Local News Web posted Friday, March 8, 2002

Col. James Buckner (left) looks on as Col. Donald Hanchett places his piece of glass into position in a stained glass tribute to the men and women lost in the Sept. 11th attacks on the Pentagon.
-Pete Marovich/Carolina Morning News
photo: loc

Army Chaplins place pieces of stained glass into position for a memorial honoring the men and women lost in the Sept. 11th attacks on the Pentagon.
-Pete Marovich/Carolina Morning News
'It's our experience as soldiers'

Army chaplains create stained glass window for Pentagon memorial

By Noelle Phillips
Savannah Morning News

HILTON HEAD ISLAND - Chaplain Timothy Mallard can't count the number of times he forged his way through the crumbled walls of the Pentagon last fall, praying for the dead.

Every time a team of soldiers entered the building to remove a body, a military chaplain like Mallard went with them. Everyone wore protective suits and masks because of the jet fumes and decomposing bodies; Mallard used duct tape to make a cross on his suit so people would know he was a chaplain.

As they would place the dead body on a stretcher, Mallard would kneel and pray the "Nunc Dimittis," the Latin title for a prayer found in Luke 2:29-32."What I would do as a symbol, I would bend down and hold out my hands over the body," Mallard said. "Nobody ever heard me. It's what we did to bring honor and dignity to our brothers and sisters who died."

This week, Mallard joined more than 400 other Army chaplains on Hilton Head Island for a senior leadership conference. It was one of the first meetings for them since the Sept. 11 terrorist attacks, and it was a chance for those who helped heal spiritual wounds to have their own healing.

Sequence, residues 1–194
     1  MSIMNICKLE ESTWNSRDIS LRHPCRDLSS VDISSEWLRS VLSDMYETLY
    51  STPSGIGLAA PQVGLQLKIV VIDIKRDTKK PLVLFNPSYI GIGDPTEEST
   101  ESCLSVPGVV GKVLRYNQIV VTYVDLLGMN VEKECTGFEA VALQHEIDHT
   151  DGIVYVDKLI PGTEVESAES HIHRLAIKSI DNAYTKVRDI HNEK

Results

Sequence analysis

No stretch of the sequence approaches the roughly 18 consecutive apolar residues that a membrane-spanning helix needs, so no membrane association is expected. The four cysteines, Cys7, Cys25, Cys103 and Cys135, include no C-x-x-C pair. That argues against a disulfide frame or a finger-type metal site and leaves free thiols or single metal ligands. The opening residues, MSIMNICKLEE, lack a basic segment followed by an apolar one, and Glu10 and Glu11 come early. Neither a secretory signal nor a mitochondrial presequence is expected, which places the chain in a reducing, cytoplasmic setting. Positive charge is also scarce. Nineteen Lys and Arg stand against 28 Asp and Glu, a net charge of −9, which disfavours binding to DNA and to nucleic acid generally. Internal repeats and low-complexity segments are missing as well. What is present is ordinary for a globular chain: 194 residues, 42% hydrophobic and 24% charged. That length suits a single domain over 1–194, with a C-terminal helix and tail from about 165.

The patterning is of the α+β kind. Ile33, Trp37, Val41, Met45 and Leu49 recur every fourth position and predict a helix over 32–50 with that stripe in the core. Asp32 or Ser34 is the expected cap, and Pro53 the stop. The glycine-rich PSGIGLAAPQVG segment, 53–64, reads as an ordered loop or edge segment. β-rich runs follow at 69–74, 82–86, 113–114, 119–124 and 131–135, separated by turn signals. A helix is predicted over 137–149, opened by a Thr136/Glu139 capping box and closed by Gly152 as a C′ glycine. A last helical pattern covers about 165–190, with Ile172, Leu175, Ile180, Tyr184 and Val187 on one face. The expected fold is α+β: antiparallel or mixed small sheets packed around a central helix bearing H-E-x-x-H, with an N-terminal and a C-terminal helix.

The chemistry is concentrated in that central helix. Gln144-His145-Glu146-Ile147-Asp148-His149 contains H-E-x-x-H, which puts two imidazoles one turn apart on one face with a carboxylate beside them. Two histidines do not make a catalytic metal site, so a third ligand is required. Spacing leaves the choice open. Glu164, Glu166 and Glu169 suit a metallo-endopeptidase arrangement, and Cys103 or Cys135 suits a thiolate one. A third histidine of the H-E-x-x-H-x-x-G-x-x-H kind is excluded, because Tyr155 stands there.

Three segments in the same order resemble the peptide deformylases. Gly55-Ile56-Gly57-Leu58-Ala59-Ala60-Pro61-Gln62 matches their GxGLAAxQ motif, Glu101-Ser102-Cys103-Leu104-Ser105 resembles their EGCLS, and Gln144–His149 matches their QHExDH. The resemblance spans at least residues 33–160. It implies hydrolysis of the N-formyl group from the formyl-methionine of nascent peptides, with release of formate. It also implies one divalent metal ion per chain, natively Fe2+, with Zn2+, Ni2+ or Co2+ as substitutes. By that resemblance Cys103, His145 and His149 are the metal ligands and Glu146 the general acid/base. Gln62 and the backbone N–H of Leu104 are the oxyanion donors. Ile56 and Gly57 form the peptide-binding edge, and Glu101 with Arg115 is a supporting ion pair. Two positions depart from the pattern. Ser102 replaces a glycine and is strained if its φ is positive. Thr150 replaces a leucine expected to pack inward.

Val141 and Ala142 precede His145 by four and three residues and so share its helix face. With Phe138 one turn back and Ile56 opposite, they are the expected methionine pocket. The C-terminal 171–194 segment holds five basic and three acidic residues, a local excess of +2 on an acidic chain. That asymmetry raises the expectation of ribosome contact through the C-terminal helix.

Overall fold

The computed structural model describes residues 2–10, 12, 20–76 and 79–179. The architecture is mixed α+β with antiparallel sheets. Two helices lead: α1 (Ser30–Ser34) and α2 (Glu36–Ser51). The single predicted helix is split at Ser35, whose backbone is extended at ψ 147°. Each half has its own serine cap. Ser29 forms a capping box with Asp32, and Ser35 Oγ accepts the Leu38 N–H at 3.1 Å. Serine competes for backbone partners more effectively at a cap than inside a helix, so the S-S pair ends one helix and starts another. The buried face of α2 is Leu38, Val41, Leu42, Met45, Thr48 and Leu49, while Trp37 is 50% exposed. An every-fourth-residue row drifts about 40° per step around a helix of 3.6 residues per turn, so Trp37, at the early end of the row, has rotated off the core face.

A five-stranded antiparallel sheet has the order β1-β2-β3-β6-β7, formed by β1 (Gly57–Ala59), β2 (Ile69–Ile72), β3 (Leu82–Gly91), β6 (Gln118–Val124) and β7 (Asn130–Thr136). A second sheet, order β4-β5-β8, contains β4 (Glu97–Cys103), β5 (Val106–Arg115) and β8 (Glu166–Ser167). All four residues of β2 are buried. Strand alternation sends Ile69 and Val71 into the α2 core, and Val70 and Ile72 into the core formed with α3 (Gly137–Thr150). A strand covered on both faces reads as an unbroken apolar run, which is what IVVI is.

To memorialize the Pentagon attack, the chaplains assembled a stained glass window that will be placed in a chapel, which will be included in the renovations of the damaged building.

Mallard, a captain, was assigned to the Pentagon as a chaplain. He wasn't at work when the airplane hit because he was home with a sick child. But he was called in to help recover victims and counsel rescue workers.

"It's not just a window," Mallard said. "It's our experience as soldiers."

To piece together the window, each chaplain attending the conference received a numbered piece of glass. The chaplains placed their pieces on the appropriate, numbered section of the window frame.

Dennis Roberts, a stained glass artisan with IHS Studios in Fredericksburg, Texas, finished the work. Roberts donated his time and materials to help the chaplains make the window.

"There are 184 pieces of red glass around the border to symbolize all of those lives lost in the Pentagon," Roberts said.

Maj. Gen. Gaylord Gunhus, the Army's chief chaplain, called the window a symbol of unity and hope.

"We're placing the pieces together as a ministry team in order for the light of the message of hope to be reflected in it," Gunhus said.

Gunhus also recalled the terrorist attacks in an opening speech where he urged the chaplains to be strong leaders for the Army in a time of war."The attacks of Sept. 11 are crystallized in our memories," he said. "We must remember but we must not let the memory paralyze us."

Military reporter Noelle Phillips can be reached at 652-0366 or at


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